How to Implement an Illegal Dumping Program

How to Implement an Illegal Dumping Program

Are you a city official that is irritated with the illegal dumping that is occurring in your city?  Here are some solutions to help your community.

Illegal Dumping is a major problem for most cities.  City officials are frustrated because even though resources are tight, the responsibility to clean up and prevent lays on their shoulders.  Fortunately, there are creative ideas that not only solve the problem but can add to the city’s resources.  To do this, the city must implement a program that includes city team work, involving several departments.

Here are some bullet points to build and implement an effective Illegal Dumping Program:

  • One person responsible to administer the program (including the deployment, operation and maintenance of equipment).
  • Access to a bucket truck for proper installation, movement, and maintenance equipment.
  • Coordinated efforts to educate the public and to increase public relation efforts.
  • Support from specified enforcement personnel to successfully prosecute individual cases.
  • Totally Portable, High-Resolution Cameras to catch and prosecute dumpers in the act.

Although, implementing an effective program can be daunting, cities should look at this challenge as an opportunity to make a difference. If the ordinances are written correctly, the program could even generate revenue, adding resources to the city. If you are a city official with the challenge of illegal dumping, do not despair.  Create and Implement an Illegal Dumping Solution that will bring pride to the community you serve.

Is your park facing loitering problems and vandalism?

Deter Vandalism and Loitering in Parks

Is your park facing loitering problems and vandalism?  Know the key indicators to help solve this problem and what you can do to help your park.

It is not very difficult to discern when a storefront is open for business.  Key indicators often include well-displayed business hours, which are commonly posted next to the main entrance.  Visible sales personnel may signal that a shop is still open for business or an unilluminated sales floor of a store might signal that store is closed.  A line is drawn with store and mall hours being clearly visible.  However, indications of a closed property are not always so obvious.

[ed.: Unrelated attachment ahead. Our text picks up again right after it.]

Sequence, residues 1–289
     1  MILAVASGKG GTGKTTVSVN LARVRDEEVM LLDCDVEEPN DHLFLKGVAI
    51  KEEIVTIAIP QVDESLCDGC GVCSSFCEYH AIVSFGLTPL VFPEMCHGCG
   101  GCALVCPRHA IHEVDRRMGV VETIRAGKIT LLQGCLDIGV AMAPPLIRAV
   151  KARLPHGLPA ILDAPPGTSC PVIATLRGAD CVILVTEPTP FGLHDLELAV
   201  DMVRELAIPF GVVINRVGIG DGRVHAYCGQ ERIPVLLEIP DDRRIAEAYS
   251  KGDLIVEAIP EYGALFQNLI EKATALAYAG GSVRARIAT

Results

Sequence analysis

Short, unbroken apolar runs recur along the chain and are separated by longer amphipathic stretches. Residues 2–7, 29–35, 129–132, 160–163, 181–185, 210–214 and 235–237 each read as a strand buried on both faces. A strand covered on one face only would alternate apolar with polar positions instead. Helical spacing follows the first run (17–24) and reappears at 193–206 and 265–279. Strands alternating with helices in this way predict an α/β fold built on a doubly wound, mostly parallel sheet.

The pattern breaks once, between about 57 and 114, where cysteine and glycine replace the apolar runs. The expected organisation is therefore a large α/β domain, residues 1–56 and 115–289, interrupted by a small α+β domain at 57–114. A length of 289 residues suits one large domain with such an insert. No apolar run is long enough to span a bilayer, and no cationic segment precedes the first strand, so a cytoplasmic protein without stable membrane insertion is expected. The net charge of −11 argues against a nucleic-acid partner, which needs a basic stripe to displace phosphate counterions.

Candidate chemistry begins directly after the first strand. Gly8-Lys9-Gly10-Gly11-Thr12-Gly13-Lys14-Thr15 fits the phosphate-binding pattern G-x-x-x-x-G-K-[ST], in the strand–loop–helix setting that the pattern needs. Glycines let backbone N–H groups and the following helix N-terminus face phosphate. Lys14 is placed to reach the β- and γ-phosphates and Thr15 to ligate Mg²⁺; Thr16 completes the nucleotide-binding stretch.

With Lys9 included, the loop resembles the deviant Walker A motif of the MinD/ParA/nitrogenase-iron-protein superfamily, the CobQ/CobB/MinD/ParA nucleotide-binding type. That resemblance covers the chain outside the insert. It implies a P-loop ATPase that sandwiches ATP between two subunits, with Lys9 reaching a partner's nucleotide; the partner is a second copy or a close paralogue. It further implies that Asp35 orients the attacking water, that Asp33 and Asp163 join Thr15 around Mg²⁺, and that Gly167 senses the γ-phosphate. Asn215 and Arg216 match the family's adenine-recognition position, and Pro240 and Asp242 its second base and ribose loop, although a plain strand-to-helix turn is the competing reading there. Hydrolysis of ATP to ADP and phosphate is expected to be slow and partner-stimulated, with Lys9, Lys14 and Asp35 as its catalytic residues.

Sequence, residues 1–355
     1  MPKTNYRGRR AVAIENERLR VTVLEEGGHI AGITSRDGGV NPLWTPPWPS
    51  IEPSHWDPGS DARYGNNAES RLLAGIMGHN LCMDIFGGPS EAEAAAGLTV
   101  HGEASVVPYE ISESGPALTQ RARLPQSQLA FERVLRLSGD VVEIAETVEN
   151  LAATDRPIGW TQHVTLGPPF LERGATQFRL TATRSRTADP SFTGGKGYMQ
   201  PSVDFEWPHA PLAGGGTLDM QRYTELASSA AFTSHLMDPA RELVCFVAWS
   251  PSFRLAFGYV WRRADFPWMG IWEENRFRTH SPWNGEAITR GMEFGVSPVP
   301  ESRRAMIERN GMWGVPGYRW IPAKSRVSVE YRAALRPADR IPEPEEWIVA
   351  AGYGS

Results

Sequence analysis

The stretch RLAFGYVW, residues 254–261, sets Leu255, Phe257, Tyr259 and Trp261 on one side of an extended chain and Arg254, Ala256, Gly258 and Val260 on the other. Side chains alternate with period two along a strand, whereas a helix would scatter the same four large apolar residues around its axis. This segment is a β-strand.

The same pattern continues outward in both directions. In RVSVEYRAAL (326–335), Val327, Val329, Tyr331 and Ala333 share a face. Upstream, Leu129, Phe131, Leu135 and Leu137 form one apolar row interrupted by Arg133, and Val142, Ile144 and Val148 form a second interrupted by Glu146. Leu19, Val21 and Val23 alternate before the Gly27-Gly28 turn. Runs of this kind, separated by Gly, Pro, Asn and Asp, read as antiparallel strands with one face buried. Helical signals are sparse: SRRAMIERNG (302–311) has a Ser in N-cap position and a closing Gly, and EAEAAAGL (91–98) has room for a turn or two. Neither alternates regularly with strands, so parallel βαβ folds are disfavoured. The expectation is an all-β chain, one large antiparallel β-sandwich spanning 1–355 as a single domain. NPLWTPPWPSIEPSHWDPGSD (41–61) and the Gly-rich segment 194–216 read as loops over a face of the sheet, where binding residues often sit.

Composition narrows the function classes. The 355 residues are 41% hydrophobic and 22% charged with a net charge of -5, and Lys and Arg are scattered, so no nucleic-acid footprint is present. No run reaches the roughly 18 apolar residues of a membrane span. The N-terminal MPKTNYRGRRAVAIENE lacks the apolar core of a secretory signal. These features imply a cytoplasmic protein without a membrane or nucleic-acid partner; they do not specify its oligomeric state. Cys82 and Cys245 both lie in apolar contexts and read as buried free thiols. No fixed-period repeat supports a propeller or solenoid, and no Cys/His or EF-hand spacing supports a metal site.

Most city-owned parks list the rules of the area with signs.  These include allowable recreational activities, dog leash laws, and designated parking spaces.  But the time at which the park closes is sometimes ambiguous.

Generally, as a rule of thumb, city parks tend to close around dusk.  This grey area regarding the park’s operating hours can lead to some oblivious teens or young adults stumbling into an ungated recreational location after hours, imbibed with strong drink and an unwavering drive to wreak havoc, which turns into vandalism. These delinquents are now guilty of committing several misdemeanors, including illegal loitering, public intoxication, and vandalism if the damage is still within the misdemeanor penal code.   If the damage is extensive, the misdemeanor becomes a felony.

Vandalism is an extremely common occurrence in parks after hours. Vandalism most often occurs when a vandal has a good chance of not being caught.  Less public visibility and poor outdoor lighting make a park an easy target for a potential vandal who’s loitering late at night.

There are, however, a few things the Parks Department can do to limit this occurrence:

  • Post Clear Signs– signs displayed near the entrance and exits in well-lit areas let potential lingerers know the park is closed. Be sure the signs are visible and the hours are clearly stated.
  • Motion Sensored Lighting- the more lighting an area has, the less likely vandals will remain. Motion sensored lights save energy while illuminating only when the detector senses motion.
  • Monitoring– regular sweeps conducted by the police department, security guards, and park rangers deter loitering and reduces nuisance crimes.
  • Vandal Resistant Materials– to be used in graffiti prone areas. They are simple to clean if graffiti does occur.
  • Vandalism Deterrent Cameras cameras designed to stop vandalism are very effective and should be placed in strategic areas where crime is most likely to occur.
Dumpsters